Like so many other readers, fairy tales were a huge part of my childhood. They were my cautionary tales, my morality plays, and my protection against the evil that lurked under the bed. As much as I enjoyed the sanitized versions in the Disney movies, it was the older tales in which there was no huntsman to save Little Red and Bluebeard had ways to deal with curious wives that I most loved. Even as I grew out of childhood, I never completely outgrew the magic of fairytales. So when a few years a ...more
Alicia Anderson
Jun 04, 2015 rated it it was amazing
This is such a wonderful exploration of rough, unrefined oral tradition. anyone interested in symbol, archetype or myth (or just fairy tales!) would enjoy them.
Nov 12, 2019 added it
Gosh, they're like crazy recipes. I mean, most of the bits that we see here are familiar from other stories, but in these very brief stories it's like the old grannies and nannies just plucked assorted ingredients from Grimm and tradition, and tossed the bits in new combinations, often not bothering with coherence or sequence. Sometimes 1 evil stepfather + a youngest daughter + a loathly bride + 3 wishes works, sometimes it doesn't....

Mostly I was pretty bored. The stories are only a titch longe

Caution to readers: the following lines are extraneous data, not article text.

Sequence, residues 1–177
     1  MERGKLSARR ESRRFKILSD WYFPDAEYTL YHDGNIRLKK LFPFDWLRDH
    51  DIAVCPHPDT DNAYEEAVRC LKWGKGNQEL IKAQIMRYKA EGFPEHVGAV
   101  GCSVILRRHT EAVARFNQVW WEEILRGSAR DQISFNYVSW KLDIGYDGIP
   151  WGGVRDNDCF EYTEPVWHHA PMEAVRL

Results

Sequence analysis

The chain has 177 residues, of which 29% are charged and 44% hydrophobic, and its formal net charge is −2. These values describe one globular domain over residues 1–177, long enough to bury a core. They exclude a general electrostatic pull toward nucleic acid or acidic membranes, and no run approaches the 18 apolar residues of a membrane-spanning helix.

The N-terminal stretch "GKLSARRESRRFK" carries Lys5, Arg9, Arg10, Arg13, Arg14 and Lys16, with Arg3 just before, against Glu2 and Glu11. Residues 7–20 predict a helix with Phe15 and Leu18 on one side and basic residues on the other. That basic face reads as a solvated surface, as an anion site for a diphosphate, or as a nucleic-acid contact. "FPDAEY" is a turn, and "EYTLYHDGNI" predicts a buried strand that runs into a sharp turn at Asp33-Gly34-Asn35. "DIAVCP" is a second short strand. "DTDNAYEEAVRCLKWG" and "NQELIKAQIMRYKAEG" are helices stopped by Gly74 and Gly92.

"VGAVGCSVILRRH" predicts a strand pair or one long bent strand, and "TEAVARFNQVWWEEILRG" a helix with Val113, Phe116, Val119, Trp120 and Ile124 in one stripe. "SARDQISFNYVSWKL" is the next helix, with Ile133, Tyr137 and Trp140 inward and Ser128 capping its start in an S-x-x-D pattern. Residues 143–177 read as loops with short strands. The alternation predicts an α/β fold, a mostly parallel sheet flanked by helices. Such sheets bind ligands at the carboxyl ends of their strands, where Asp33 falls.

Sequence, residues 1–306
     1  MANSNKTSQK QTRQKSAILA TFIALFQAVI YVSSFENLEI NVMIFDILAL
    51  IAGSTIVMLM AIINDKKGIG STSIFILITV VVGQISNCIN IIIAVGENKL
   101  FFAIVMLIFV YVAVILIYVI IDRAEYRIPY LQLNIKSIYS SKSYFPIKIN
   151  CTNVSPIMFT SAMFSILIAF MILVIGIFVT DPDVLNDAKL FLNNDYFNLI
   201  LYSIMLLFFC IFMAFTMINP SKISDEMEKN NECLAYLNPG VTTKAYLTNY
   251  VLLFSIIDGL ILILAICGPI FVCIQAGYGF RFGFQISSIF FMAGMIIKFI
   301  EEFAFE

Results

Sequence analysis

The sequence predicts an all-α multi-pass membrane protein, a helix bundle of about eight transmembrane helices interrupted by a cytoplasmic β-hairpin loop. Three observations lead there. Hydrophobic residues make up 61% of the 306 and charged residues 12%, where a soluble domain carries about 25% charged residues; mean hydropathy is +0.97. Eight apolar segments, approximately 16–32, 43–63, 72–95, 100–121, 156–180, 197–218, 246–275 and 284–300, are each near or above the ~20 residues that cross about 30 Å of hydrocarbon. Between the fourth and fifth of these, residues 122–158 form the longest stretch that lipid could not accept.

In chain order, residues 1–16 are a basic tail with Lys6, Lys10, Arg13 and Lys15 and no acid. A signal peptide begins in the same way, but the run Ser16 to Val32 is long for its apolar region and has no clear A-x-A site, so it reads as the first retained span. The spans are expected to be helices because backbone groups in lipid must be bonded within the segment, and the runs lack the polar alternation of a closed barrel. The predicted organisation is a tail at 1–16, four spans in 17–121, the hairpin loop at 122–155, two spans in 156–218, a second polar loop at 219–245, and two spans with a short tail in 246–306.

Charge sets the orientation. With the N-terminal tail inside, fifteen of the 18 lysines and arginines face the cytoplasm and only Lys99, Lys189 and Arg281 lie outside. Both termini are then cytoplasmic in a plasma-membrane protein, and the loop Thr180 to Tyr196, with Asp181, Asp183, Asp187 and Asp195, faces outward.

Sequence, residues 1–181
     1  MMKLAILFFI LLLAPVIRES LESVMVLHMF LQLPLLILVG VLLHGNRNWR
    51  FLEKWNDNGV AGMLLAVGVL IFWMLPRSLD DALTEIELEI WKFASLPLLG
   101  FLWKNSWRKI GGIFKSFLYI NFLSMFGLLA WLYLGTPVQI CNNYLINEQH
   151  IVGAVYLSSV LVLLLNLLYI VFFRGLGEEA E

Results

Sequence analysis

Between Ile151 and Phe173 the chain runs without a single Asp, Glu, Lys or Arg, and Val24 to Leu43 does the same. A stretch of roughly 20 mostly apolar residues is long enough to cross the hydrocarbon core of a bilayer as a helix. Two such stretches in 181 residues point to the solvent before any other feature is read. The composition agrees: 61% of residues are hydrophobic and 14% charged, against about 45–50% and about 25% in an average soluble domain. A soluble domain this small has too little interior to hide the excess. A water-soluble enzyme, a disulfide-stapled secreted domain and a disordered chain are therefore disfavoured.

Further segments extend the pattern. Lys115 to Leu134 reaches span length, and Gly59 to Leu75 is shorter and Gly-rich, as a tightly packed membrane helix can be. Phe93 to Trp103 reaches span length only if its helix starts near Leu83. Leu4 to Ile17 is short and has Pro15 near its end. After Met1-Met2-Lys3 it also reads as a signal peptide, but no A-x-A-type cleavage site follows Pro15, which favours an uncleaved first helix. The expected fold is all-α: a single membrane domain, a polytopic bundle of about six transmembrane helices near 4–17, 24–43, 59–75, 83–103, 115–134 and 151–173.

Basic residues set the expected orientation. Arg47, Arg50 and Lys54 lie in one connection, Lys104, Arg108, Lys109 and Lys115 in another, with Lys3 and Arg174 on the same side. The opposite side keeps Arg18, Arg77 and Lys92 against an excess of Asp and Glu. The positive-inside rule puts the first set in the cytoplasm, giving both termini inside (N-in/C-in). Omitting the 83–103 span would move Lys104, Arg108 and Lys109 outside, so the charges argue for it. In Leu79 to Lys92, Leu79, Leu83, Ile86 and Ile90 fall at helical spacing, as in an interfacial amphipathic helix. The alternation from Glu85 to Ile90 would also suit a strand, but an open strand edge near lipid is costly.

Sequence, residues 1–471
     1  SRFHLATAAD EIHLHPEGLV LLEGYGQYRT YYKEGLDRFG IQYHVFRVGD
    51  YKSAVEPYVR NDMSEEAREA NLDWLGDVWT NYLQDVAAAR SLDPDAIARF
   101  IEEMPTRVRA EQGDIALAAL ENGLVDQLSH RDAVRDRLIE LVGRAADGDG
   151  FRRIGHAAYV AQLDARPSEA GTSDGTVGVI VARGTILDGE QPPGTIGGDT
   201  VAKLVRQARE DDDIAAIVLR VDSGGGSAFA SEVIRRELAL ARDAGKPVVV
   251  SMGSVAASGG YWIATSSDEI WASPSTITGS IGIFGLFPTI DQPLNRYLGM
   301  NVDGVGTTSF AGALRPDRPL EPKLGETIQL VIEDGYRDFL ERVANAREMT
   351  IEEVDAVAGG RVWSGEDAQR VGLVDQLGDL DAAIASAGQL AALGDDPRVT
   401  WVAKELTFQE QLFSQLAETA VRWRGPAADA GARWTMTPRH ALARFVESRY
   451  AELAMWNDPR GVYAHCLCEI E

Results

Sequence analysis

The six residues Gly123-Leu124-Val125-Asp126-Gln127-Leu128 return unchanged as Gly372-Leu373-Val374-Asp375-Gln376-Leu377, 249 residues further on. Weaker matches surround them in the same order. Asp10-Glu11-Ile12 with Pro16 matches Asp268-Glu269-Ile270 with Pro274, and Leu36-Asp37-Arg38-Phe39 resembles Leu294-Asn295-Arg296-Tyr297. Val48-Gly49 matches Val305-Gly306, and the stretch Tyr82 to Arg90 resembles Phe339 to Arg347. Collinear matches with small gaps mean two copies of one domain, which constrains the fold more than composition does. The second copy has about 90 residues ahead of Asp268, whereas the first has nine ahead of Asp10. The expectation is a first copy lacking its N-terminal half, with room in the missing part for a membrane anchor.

Marjolein (UrlPhantomhive)
Read all my reviews on

And Other Newly Discovered Fairy Tales

In 2012, a bunch of long lost fairy tales were discovered. Now, we can read them for the first time in an English translation. What I really liked about the fairy tales is that they were written down as the local stories of the region. And while some of them do seem very similar to more well known fairy tales, it just goes to show how stories start to diverge in different regions.

I'm not at all tha
Mar 11, 2020 rated it it was amazing
Newly discovered fairy tales? Yes please. These did not disappoint. Many have elements of more familiar tales, but they are definitely something new. I'm so glad these tales are finally seeing the light! I enjoyed reading them a handful at a time before bed each night. ...more
Feb 15, 2015 rated it it was ok  ·  review of another edition
Shelves: arc, netgalley
Thank you to Penguin Group for providing me with an egallery copy of the book to review.

I loved the Grimm fairytales since I was a kid. Safe to say I even grew up on them. Fairytales have always held a special spot in my life when it comes to reading and even now that I’m a teenager I still can safely say I’ll never get too old for fairytales. The Germans are, safe to say, well known for their dark tales. Coming across “The Turnip Princess” created an instant spark of interest – new fairy tales
Nov 14, 2016 rated it liked it
Shelves: read-in-2016